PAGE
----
|KHRP Marks Day of the Imprisoned Writer|
On ‘The Day of the Imprisoned Writer’, organised by the ‘Writers in Prison Committee’ of International PEN, KHRP wishes to draw attention to the plight of writers in the Kurdish regions who continue to be imprisoned, tortured, killed and intimidated.
Despite amendments to the notorious Article 301 of the Turkish Penal Code earlier this year, writers in Turkey still work in a hostile environment. Later this month Baris Pehlivan and Nurettin Yilmaz will face trial in connection with a television program that Pehlivan produced which discussed Witness of the Recent Past, the former Kurdish politician Yilmaz’s account of his imprisonment and torture between 1980 and 1984. If convicted of ‘inciting hatred and hostility’, each could face up to four and a half years in prison.
In Syria and Iran the situation is, if anything, even more dire. Just last month, an Iranian appeals court upheld an 11-year prison sentence for the Kurdish journalist and human rights activist Mohammad Sadiq Kabudvand. The former editor of the Message of the People of Kurdistan has been incarcerated in Tehran’s notorious Evin Prison since July 2007, without adequate medical care despite reportedly suffering from serious health problems.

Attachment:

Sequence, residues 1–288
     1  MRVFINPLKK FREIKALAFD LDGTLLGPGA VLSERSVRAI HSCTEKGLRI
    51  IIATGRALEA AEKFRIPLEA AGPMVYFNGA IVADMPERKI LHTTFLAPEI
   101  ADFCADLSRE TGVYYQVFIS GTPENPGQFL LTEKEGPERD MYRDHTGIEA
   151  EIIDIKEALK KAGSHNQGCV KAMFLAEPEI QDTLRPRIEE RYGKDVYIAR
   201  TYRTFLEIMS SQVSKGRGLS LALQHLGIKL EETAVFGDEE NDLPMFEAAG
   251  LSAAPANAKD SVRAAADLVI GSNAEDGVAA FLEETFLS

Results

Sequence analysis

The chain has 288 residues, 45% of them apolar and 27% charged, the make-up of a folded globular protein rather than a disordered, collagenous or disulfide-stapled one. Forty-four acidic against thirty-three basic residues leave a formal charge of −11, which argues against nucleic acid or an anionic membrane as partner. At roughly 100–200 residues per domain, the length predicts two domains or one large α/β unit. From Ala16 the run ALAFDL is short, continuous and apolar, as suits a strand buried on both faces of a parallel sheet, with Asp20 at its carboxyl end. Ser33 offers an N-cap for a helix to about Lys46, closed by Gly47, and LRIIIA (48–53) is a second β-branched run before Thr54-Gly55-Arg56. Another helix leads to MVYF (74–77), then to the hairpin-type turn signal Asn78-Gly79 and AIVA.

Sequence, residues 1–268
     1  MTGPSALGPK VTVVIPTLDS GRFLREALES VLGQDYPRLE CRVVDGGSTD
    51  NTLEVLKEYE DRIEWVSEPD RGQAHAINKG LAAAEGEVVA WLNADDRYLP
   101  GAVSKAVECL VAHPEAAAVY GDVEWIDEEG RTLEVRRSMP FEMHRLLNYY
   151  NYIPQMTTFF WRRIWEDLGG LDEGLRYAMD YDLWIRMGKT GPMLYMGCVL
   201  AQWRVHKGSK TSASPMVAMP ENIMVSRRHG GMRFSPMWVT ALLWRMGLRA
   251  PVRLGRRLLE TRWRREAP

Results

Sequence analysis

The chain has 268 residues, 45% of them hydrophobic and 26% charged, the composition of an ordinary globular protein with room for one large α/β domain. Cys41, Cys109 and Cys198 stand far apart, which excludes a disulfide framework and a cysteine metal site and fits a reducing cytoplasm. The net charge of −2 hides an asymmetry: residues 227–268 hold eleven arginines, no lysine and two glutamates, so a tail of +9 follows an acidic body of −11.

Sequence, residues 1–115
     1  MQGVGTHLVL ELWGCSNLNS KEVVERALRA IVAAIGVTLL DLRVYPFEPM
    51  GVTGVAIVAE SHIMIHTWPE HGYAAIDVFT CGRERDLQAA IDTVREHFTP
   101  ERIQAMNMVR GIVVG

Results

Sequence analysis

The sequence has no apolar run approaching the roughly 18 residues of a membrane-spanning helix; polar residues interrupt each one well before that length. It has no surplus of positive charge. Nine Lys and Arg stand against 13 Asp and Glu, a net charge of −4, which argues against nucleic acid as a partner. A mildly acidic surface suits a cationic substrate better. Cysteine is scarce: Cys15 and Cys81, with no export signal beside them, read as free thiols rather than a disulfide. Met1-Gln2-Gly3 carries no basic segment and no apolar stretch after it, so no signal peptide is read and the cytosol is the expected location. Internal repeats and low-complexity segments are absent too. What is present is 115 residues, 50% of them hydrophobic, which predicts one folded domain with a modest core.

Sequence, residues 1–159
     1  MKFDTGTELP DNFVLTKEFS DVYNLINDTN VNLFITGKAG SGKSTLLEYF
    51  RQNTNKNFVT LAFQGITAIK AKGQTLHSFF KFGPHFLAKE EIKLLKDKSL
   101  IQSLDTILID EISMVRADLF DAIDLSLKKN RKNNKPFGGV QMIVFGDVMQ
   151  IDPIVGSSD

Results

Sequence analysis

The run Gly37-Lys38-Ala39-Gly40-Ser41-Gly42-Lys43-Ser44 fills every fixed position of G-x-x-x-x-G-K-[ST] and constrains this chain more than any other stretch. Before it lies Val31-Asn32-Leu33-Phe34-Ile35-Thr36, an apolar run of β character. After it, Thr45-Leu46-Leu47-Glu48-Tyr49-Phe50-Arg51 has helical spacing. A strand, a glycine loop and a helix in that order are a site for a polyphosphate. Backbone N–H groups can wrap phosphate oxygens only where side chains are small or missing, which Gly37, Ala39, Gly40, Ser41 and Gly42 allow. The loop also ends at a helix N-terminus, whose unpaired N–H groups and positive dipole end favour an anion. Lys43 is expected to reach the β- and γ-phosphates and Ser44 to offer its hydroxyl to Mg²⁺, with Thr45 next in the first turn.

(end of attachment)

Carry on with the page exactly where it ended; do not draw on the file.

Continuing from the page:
Other Kurdish writers have been forced into exile, like the journalist Roya Toloui who fled Iran after being released on bail pending trial for endangering national security. Still others face extra-judicial threats, as with journalist Hrant Dink, who was murdered in Turkey in 2007, and the Turkish Nobel Laureate Orhan Pamuk, who is reported to have been on the hit-list of the ultra-nationalist Ergenekon network whose members are currently facing trial.
‘Throughout the Kurdish regions, the right of journalists and other writers to freedom of expression is given very short shrift,’ said KHRP Executive Director Kerim Yildiz. ‘It is not just the individual writers themselves who suffer when they are threatened, harassed, jailed, attacked and killed. Entire societies also lose the opportunity for the sharing of ideas and constructive debate on issues that affect everyone living in these regions. The international community must stand side-by-side with oppressed writers to ensure that their voices are heard.’